- warned that LGBT rights are creating an unparalleled “crisis” leading to “our utter destruction” as a nation;
- forecasted America’s destruction as a result of “the pagan onslaught imposing homosexual marriage” and “homosexual scouts”;
- declared that “our long-term strategy must be to place the Bible in Public Schools as the principle [sic] textbook of American education”;
- and predicted that “homosexuals praying at the Inauguration” in 2013 would lead to divine punishment in the form of “car bombs in Los Angeles, Washington D.C. and Des Moines, Iowa.”
The American Family Association, classified as a “hate group” by the Southern Poverty Law Center, is providing the financial backbone for Jindal’s prayer rally, as it did for Perry’s 2011 event.
The group’s chief spokesman, Bryan Fischer, has won nationwide notoriety for his remarks about homosexuality and religious and ethnic minorities, which he shares on his daily program on the AFA’s radio network. Fischer has:
- called for the criminalization of homosexuality, bans on pro-gay-rights speech, punishing gay people like people convicted of drug crimes and prohibitions on gay people from serving in public office;
- blamed gays for the 2008 financial collapse, the rise of the Islamic State, the sexual abuse of children and even the Holocaust;
- insisted that non-Christians have no First Amendment rights and non-Christian immigrants should be forcibly converted to Christianity, explaining that “counterfeit religions, alternative religions to Christianity, have no First Amendment right to the free exercise of the religion.” (This includes Hindus, whose adherents include Gov. Jindal’s parents, whom he believes practice “the doctrine of demons”);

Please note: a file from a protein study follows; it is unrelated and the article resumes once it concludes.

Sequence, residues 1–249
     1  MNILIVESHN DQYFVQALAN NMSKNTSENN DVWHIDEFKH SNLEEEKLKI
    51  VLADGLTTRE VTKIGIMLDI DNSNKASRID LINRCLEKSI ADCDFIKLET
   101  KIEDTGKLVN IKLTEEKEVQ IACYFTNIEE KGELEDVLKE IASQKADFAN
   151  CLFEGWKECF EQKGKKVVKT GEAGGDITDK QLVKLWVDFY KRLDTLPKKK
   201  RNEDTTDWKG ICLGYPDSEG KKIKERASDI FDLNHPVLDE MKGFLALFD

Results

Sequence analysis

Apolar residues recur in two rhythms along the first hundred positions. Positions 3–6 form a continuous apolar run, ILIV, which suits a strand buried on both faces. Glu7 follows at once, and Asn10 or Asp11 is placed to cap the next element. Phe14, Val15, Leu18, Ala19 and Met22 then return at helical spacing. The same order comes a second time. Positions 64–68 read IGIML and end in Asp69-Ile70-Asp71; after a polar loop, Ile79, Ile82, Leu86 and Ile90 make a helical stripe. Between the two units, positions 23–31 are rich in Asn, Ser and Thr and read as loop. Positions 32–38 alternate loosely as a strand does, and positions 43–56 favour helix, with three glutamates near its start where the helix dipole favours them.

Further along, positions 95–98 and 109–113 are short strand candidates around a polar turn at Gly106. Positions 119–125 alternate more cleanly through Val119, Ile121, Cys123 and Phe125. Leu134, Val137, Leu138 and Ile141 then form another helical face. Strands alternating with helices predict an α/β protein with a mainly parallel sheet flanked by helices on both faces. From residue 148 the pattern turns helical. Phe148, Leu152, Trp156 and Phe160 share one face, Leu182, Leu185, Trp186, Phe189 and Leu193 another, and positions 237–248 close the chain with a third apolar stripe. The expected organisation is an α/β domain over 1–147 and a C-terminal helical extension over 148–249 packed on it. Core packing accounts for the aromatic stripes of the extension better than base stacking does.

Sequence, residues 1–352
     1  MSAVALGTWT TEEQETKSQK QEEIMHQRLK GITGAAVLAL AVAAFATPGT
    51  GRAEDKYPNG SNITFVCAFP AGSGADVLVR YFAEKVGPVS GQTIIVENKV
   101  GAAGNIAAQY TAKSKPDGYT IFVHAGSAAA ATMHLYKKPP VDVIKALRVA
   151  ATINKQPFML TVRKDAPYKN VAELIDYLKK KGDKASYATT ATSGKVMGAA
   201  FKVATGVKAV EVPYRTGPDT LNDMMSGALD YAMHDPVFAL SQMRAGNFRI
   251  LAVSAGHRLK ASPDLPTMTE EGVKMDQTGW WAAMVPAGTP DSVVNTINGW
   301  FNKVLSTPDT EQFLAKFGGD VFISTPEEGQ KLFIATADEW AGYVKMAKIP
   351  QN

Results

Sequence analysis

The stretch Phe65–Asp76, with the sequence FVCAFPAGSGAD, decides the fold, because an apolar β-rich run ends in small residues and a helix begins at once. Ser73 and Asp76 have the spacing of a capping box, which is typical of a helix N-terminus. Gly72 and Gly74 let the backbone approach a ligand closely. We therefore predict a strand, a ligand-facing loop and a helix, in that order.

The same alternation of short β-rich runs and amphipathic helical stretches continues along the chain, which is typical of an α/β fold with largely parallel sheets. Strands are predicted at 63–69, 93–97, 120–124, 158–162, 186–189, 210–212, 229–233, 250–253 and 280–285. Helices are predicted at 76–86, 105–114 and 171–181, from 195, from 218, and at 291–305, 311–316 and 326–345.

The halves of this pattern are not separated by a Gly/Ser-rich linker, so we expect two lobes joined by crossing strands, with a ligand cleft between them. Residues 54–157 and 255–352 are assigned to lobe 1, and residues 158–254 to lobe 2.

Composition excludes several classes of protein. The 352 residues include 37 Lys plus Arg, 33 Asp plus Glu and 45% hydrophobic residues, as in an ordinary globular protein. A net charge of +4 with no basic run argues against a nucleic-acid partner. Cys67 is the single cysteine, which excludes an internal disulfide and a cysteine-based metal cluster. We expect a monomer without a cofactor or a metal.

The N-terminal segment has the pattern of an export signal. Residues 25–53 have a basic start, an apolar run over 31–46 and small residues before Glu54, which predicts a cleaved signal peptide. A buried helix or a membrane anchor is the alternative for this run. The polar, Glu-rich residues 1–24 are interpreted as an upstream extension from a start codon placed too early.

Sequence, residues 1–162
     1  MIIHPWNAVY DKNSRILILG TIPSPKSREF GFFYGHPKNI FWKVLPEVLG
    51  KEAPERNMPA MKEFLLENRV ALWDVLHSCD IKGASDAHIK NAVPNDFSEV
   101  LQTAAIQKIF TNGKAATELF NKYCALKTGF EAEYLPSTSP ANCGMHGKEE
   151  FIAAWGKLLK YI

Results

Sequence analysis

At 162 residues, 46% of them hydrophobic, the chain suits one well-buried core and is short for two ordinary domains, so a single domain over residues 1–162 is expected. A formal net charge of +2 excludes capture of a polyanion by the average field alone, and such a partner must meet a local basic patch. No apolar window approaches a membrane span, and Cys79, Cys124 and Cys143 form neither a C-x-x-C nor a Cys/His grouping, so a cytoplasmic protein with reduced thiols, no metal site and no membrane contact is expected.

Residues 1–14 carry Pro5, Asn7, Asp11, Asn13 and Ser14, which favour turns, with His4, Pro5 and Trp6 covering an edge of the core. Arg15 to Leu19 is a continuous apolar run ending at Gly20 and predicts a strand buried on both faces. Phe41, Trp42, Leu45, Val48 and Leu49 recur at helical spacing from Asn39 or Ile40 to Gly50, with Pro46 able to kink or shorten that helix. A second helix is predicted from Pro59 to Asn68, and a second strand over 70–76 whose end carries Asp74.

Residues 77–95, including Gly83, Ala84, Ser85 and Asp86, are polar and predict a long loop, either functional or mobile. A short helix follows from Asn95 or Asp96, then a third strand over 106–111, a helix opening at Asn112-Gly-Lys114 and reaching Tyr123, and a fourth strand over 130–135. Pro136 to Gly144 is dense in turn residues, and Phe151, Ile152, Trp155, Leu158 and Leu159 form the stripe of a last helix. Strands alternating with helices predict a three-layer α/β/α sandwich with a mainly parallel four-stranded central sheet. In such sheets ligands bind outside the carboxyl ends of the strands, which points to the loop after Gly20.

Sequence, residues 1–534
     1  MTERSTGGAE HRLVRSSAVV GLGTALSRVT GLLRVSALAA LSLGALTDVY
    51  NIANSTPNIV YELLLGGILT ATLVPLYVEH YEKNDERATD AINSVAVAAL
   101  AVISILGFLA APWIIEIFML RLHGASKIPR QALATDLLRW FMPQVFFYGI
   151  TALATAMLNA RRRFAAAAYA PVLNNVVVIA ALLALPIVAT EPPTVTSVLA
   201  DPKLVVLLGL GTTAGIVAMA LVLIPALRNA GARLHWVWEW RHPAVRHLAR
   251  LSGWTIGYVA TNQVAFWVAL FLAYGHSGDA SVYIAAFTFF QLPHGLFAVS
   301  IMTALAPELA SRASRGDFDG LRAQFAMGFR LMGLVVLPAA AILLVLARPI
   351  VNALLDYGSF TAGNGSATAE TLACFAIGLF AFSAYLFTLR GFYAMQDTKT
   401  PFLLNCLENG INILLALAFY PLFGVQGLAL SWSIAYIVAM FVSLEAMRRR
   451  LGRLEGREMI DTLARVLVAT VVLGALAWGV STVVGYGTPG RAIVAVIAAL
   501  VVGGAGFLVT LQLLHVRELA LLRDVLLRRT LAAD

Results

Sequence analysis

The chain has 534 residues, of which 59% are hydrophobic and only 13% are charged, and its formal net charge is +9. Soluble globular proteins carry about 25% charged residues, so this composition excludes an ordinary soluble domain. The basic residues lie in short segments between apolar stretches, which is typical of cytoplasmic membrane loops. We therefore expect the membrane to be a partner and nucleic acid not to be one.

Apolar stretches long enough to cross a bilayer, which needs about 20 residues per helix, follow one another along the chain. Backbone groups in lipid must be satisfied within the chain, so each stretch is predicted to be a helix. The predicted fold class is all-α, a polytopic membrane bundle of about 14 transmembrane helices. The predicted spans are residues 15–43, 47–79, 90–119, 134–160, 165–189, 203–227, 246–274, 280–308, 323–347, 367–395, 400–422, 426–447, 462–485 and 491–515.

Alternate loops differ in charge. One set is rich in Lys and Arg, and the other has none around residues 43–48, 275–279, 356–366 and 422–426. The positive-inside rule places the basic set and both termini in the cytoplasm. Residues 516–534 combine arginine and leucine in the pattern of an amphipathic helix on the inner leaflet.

- said African Americans are “people who rut like rabbits” as a result of welfare programs;
The latter half of Rick Perry’s “The Response” prayer rally was emceed by a self-proclaimed prophet who believes Oprah Winfrey is the harbinger of the Antichrist.
It looks like Jindal’s rally will be no different: Doug Stringer, who considers himself to be a modern-day apostle and who also worked on Perry’s rally, is spearheading the Louisiana event. Stringer has blamed American “[l]icentiousness or moral looseness to the degree that it is ‘in your face,’ including homosexuality,” for the September 11, 2001 attacks, which he described as a “wake-up call” from God.
Another self-proclaimed prophet, Cindy Jacobs, is also featured on “The Response: Baton Rouge” website. Jacobs has quite the prophetic record. She:
- suggested that legal victories for marriage equality advocates led to Hurricane Sandy and other natural disasters;
- proclaimed that Rick Perry’s “The Response” prayer rally “broke the curses on the land” of Texas brought on by “the Native American people [who] were cannibals and they ate people”;
- and blamed the repeal of Don’t Ask Don’t Tell for freak bird deaths in Arkansas.
Jim Garlow, a prominent “The Response: Baton Rouge” endorser who is involved in the “apostolic” movement, has been a leader of the movement against LGBT rights. Garlow has:
- claimed his prayers helped secure the passage of California’s Proposition 8, which “saved us from the bondage and enslavement that would come upon us if gay marriage actually passed in a state”;